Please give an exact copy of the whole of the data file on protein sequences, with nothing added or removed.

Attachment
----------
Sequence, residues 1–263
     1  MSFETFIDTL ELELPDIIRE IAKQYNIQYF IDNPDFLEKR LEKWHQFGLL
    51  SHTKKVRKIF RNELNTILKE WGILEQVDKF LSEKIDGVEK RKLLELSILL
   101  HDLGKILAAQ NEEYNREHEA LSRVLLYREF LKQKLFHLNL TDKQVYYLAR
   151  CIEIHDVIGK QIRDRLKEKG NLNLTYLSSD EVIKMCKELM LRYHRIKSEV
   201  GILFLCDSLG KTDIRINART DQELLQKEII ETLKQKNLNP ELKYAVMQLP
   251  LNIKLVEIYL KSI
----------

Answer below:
Sequence, residues 1–263
     1  MSFETFIDTL ELELPDIIRE IAKQYNIQYF IDNPDFLEKR LEKWHQFGLL
    51  SHTKKVRKIF RNELNTILKE WGILEQVDKF LSEKIDGVEK RKLLELSILL
   101  HDLGKILAAQ NEEYNREHEA LSRVLLYREF LKQKLFHLNL TDKQVYYLAR
   151  CIEIHDVIGK QIRDRLKEKG NLNLTYLSSD EVIKMCKELM LRYHRIKSEV
   201  GILFLCDSLG KTDIRINART DQELLQKEII ETLKQKNLNP ELKYAVMQLP
   251  LNIKLVEIYL KSI